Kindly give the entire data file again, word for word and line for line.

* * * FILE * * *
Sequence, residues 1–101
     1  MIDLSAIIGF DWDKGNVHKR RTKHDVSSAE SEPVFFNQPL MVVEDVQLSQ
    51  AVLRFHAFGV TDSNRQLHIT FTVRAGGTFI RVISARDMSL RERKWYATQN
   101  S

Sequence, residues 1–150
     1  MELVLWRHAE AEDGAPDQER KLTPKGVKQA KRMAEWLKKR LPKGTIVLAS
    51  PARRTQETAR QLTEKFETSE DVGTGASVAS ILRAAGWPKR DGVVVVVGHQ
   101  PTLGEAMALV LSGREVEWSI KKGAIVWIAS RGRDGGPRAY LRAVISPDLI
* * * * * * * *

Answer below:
Sequence, residues 1–101
     1  MIDLSAIIGF DWDKGNVHKR RTKHDVSSAE SEPVFFNQPL MVVEDVQLSQ
    51  AVLRFHAFGV TDSNRQLHIT FTVRAGGTFI RVISARDMSL RERKWYATQN
   101  S

Sequence, residues 1–150
     1  MELVLWRHAE AEDGAPDQER KLTPKGVKQA KRMAEWLKKR LPKGTIVLAS
    51  PARRTQETAR QLTEKFETSE DVGTGASVAS ILRAAGWPKR DGVVVVVGHQ
   101  PTLGEAMALV LSGREVEWSI KKGAIVWIAS RGRDGGPRAY LRAVISPDLI